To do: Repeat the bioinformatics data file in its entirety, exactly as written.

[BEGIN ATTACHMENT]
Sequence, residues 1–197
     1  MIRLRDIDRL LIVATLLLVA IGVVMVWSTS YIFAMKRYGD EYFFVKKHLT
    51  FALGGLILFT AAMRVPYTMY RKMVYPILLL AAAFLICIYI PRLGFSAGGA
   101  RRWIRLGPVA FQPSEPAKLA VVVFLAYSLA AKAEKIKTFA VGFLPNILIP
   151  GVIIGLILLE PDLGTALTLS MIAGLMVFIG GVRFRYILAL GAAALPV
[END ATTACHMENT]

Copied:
Sequence, residues 1–197
     1  MIRLRDIDRL LIVATLLLVA IGVVMVWSTS YIFAMKRYGD EYFFVKKHLT
    51  FALGGLILFT AAMRVPYTMY RKMVYPILLL AAAFLICIYI PRLGFSAGGA
   101  RRWIRLGPVA FQPSEPAKLA VVVFLAYSLA AKAEKIKTFA VGFLPNILIP
   151  GVIIGLILLE PDLGTALTLS MIAGLMVFIG GVRFRYILAL GAAALPV